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in the KNOW

June 10, 2016

Gov. Jerry Brown - photo courtesy of The Sacramento Bee

Gov. Jerry Brown – photo courtesy of The Sacramento Bee

 

Gov. Brown & Legislative Leaders Reach Budget Deal

Last night, Governor Jerry Brown and legislative leaders struck a $122 billion General Fund budget deal for the 2016-2017 state budget year. It includes, among other funding: $2 billion more than required for the state’s rainy day fund, $400 million for low-income housing subsidies, $100 million in increased funding for preschool and childcare providers to assist in paying their employees the rising state minimum wage, and ends a state rule preventing mothers from receiving additional funding if they have another child while on welfare.

Decisions regarding funding from the cap and trade program revenues for agricultural efforts such as SWEEP, a grant program to incentivize energy efficient irrigation technologies that reduce greenhouse gases, and funding for dairy digesters to reduce methane, were not resolved by the budget conference committee this week. This funding will be decided upon at a later date.

A vote on the budget is anticipated next week given that legislators are required to pass a state budget and send it to the governor by June 15. The new fiscal year begins July 1.

June Primary Election Analysis

Since California adopted the “top two” primary system–where the top two candidates receiving the most votes regardless of their political party proceed to the general election in November— elections have become more unpredictable and that is evidenced in this week’s primary. With a greater number of candidates challenging incumbents, an increase in the number of same-party opponents, as well as higher levels of outside campaign spending in the form of independent expenditures, there is more uncertainty in the outcomes of elections in California.

In the June primary, this uncertainty combined with another factor. Californians registered to vote in record numbers, over 17.9 million people, prior to the June 7 primary election according to the California Secretary of State. “In the 45 days leading up to the voter registration deadline, there was a huge surge in voter registration—total statewide voter registration increased by nearly 650,000,” Secretary of State Alex Padilla said.

Interestingly, though 72 percent of eligible California citizens registered to vote, only about 33 percent of registered voters actually voted on June 7. This means about 5.9 million California voters cast ballots out of the 17.9 million registered voters.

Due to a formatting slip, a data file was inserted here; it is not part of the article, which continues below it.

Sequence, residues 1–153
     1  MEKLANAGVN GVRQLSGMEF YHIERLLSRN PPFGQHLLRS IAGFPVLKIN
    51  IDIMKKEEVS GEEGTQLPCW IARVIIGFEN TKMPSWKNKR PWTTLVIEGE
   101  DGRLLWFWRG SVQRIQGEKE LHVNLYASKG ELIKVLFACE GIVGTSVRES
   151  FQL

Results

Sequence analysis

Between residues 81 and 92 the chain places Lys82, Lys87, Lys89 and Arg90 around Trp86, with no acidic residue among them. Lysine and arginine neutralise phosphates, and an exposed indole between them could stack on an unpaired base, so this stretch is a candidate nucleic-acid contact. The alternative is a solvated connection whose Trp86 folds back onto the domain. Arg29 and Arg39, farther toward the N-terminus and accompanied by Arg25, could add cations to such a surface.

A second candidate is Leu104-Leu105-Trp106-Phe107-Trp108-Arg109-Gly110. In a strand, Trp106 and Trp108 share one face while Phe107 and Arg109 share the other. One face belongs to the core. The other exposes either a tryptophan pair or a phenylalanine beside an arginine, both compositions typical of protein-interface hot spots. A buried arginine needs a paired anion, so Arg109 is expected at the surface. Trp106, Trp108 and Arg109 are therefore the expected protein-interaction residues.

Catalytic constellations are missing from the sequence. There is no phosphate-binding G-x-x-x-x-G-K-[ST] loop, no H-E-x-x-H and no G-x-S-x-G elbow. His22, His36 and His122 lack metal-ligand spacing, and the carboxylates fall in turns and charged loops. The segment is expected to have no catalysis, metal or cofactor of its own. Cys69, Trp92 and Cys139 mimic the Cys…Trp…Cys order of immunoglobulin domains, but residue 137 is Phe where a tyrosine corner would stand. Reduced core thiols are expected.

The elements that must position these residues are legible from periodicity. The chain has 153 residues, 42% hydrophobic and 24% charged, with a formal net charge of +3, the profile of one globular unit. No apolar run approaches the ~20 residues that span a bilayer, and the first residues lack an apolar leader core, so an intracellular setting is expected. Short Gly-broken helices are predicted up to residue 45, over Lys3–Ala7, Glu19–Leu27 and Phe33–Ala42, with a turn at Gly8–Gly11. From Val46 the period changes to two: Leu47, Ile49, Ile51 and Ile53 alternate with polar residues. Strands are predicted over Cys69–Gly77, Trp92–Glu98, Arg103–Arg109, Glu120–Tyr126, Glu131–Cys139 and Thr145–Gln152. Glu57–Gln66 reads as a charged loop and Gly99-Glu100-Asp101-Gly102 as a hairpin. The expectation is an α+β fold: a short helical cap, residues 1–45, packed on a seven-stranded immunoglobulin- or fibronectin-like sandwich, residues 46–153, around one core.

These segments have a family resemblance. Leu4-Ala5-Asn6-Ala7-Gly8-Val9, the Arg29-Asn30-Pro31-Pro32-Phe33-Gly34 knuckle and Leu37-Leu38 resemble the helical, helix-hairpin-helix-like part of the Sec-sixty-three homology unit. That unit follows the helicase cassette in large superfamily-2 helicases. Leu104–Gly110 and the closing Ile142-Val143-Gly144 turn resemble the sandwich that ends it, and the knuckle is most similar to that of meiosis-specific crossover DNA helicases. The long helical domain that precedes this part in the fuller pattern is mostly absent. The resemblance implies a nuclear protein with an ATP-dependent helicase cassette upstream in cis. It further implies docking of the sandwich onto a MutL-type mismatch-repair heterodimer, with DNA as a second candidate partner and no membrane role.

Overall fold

A myriad of reasons may have caused the lower than expected voter turnout including the lack of a competitive Republican presidential race on the GOP side, and for Democrats, possibly because the media announced–one day before the California primary–that Secretary Hillary Clinton had secured enough super delegates to become the presumptive Democrat nominee. It seems Californians registered in high numbers because they were excited about the prospect of possibly being able to influence the presidential election. In the end, however, that was not our fate and this may have kept voters from the polls.

In any case, the turnout impacted the outcome in some of the most watched races and the unpredictability brought on by the “top two” primary system is keeping poll watchers on their toes.

Click HERE for an overview of some of the hotly contested state legislative races.

Groundwater Facilitation Support

The Department of Water Resources (DWR) announced it is offering in-kind facilitation support for the formation of groundwater sustainability agencies and for those developing groundwater sustainability plans to comply with the Sustainable Groundwater Management (SGMA).

The program links water management groups with professional facilitators to help local entities meet SGMA requirements. Services include strategic planning, stakeholder assessments, meeting facilitation, mediation, governance assessment, and public outreach services.

Click HERE for details about eligibility and other requirements on DWR’s website.

Ag Council Weighs-In Regarding Proposed Short-Lived Climate Pollutant Reduction Strategy

The California Air Resources Board (ARB) released its proposed Short-Lived Climate Pollutant SLCP Reduction Strategy in April, which aims to reduce emissions by creating arbitrary goals and mandates on businesses in California. Ag Council provided written comments to ARB on May 26 and has been highly involved in this process by attending hearings, holding meetings and organizing a tour with regulatory staff, as well as submitting comments to urge ARB to address our members’ concerns.

As ARB continues to work on finalizing a strategy, Ag Council continues to drive home the message that the emission reduction targets are too aggressive, the plan lacks sufficient incentive funding and more research is needed to determine the viability of the various technologies for reducing emissions and also assess the costs and benefits.

Click HERE to read Ag Council’s detailed comments on the SLCP Reduction Strategy.